The Medical Society of New Jersey (MSNJ) takes the issue of physician discipline quite seriously. In fact, the MSNJ Judicial Council resolves many disputes and complaints each year filed against physician members.
We appreciate the attention brought to this issue each year by Public Citizen and Dr. Sidney Wolf. Public Citizen regularly releases the same report year after year and we respond the same way each year. As we understand the methodology, the report does not include private letter agreements represent a significant amount of the disciplinary activity in NJ. Under a private letter agreement, prosecutors defer a formal license action in lieu of fines and additional training for certain infractions or first time issues or cases where a prosecutor has limited evidence, but enough to proceed against the licensee. The nature of a private letter agreement is that it is non-disclosed, thus not available for researchers to count. This gives NJ a lower ranking.
Don’t be fooled into thinking a private letter agreement is not a significant penalty or does not work to protect the public. For example, under a garden variety private letter agreement the disciplinary action may include fines, mandatory additional training (at the physician’s expense) and hiring a practice monitor to comply with the terms of the discipline. In addition, competency evaluations and personalized educational programs may also be ordered. Finally under a private letter agreement if any of the conditions are not met by the physician within the specified time frames an automatic license suspension can result.
If the researchers had actually interviewed state boards and factored this type of discipline into the report, Public Citizen might have produced a more accurate and useful study.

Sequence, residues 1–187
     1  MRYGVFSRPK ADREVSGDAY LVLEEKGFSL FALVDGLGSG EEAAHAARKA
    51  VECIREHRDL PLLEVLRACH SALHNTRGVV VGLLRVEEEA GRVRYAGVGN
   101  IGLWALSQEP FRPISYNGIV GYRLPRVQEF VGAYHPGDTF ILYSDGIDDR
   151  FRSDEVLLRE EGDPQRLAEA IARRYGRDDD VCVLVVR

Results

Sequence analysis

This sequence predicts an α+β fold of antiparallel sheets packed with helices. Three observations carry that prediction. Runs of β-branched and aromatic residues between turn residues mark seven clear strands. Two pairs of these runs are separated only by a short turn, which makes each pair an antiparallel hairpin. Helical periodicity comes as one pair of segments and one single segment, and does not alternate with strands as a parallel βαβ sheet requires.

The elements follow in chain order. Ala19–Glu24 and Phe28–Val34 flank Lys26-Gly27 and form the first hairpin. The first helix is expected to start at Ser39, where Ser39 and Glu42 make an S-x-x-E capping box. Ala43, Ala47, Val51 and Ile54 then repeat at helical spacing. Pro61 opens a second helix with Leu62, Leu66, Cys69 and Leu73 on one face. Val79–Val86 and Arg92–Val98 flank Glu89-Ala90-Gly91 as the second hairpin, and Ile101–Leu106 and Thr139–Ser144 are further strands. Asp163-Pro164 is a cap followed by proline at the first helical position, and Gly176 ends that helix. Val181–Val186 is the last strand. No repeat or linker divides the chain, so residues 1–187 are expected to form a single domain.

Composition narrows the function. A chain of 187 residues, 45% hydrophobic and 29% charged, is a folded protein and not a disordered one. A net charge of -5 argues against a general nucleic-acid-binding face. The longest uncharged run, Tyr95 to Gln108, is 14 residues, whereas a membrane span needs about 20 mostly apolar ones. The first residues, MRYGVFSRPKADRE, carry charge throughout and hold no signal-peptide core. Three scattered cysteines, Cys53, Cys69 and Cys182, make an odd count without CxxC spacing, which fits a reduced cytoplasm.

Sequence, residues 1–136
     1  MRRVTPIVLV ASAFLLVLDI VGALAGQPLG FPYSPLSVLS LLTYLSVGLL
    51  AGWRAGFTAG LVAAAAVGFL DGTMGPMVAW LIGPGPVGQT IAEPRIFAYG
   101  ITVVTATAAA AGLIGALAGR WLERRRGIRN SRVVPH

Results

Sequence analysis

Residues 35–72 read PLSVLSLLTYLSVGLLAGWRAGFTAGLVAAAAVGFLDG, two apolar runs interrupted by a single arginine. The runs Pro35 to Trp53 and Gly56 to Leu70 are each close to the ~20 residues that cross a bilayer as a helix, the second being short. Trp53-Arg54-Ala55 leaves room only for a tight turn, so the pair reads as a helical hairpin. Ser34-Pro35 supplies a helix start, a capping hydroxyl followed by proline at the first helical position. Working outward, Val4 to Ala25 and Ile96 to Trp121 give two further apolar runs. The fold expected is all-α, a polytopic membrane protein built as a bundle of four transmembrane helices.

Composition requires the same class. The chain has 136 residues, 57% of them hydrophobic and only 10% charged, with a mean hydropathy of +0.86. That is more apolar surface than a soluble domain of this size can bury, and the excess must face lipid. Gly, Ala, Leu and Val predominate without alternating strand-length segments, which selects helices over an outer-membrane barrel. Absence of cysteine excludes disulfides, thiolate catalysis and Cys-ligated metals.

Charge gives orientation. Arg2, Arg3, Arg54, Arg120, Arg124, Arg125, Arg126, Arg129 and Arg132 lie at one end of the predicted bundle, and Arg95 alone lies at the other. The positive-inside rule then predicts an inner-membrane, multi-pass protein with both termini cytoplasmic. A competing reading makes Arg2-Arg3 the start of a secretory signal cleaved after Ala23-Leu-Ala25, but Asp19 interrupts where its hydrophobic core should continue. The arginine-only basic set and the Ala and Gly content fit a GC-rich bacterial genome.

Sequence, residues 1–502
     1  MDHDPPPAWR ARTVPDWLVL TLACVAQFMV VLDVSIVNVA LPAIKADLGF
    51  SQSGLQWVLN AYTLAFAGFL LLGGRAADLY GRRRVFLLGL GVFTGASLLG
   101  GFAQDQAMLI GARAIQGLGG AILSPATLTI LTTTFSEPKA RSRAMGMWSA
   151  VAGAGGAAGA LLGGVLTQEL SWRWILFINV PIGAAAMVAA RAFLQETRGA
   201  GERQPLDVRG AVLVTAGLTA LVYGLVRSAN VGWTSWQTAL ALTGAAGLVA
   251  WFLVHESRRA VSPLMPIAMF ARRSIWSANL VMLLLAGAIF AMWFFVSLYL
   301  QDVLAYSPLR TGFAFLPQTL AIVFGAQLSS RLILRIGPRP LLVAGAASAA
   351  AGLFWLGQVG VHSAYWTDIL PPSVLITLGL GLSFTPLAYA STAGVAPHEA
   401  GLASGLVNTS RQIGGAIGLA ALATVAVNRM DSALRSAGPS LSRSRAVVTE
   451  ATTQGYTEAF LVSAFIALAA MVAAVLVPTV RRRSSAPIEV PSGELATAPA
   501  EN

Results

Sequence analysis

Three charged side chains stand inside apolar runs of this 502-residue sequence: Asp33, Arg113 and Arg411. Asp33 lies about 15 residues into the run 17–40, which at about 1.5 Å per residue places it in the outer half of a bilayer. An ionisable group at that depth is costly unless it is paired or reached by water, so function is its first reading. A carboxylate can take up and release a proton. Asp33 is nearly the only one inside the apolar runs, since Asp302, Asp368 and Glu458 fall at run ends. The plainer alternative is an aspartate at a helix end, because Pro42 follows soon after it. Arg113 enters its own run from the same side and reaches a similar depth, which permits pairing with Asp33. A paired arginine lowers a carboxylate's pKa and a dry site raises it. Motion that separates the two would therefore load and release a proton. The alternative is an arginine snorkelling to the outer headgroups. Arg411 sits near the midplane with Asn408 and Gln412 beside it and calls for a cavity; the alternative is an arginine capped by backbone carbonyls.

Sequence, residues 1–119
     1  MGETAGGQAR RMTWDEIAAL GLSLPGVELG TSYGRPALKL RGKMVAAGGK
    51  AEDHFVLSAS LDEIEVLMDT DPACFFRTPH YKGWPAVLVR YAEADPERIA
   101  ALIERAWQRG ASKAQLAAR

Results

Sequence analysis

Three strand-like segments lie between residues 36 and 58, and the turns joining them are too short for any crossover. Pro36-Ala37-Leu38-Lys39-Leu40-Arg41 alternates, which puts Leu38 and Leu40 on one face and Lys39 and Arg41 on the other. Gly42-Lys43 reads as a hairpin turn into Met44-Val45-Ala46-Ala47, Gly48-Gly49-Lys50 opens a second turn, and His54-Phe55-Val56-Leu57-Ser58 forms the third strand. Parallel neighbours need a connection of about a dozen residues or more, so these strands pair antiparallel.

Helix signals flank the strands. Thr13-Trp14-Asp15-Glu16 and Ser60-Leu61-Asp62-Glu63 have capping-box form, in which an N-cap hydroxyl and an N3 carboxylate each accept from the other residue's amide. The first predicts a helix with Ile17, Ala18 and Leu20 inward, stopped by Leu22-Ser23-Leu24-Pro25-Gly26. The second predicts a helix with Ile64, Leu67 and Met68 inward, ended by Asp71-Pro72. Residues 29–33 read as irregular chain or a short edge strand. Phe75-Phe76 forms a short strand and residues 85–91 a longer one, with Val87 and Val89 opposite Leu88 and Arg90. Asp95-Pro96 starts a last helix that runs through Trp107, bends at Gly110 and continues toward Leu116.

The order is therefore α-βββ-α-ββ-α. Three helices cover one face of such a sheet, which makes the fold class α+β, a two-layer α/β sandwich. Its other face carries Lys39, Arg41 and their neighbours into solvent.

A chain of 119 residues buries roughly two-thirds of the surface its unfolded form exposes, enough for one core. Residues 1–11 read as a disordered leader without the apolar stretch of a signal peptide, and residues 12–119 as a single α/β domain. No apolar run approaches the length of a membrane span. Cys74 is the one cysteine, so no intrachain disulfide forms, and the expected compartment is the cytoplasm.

MSNJ and CMS urge physicians to take steps now to avoid the 2013 e-prescribing (eRx) penalty. You may need to take action before June 30!
To avoid the 2013 eRx payment adjustment, individual eligible professionals would have had to have been a successful electronic prescriber in 2011 or will need to report the G8553 code via claims for at least 10 billable Medicare Part B PFS services provided January 1, 2012 through June 30, 2012. For more information on individual and eRx GPRO reporting requirements, view the MLN Article SE1206. A hardship exemption can be filed.
- The eligible professional is unable to electronically prescribe due to local, state or federal law, or regulation.
- The eligible professional has or will prescribe fewer than 100 prescriptions during a 6-month reporting period (January 1 through June 30, 2012)
- The eligible professional practices in a rural area without sufficient high-speed Internet access (G8642)
- The eligible professional practices in an area without sufficient available pharmacies for electronic prescribing (G8643)
To request a significant hardship exemption, EPs and group practices must submit their hardship exemption requests through the Quality Reporting Communications Support Page on or between March 1 and June 30, 2012. View an AMA tip sheet. For more information, visit the CMS eRx Incentive Program webpage.
CMS has posted the names, business phone numbers, and business addresses of Medicare eligible professionals (EPs), eligible hospitals, and critical access hospitals (CAHs) that have successfully achieved meaningful use and received a payment as of March 2012. CMS posted this information in two file formats: a searchable PDF, and CSV file. The CSV file can be opened in many common spreadsheet programs and call also be used to sort information about recipients, for example, by medical specialty of the state in which they practice.
By Larry Downs, MSNJ CEO & General Counsel
I would like to welcome Mary F. Campagnolo, MD, MBA as the 220th president of MSNJ. Dr. Campagnolo’s role as an advocate for patient care and quality improvement, coupled with her dedication as a family physician, make her the perfect choice to lead our organization. She is focused on issues important to members. These issues include the integration of medical practices, advancing women in medicine and building equity and payment reforms to increase the public’s access to physicians.
Dr. Campagnolo practices family medicine at Virtua Lumberton Family Physicians in Lumberton, N.J., and is chief of the Department of Family Medicine at Virtua Memorial Hospital in Mt. Holly. She also cares for nursing home and subacute rehabilitation patients at Virtua Health and Rehabilitation Center and serves as medical director for primary care at Virtua Medical Group in Marlton.
Dr. Campagnolo will be a regular contributor to the MSNJ blog.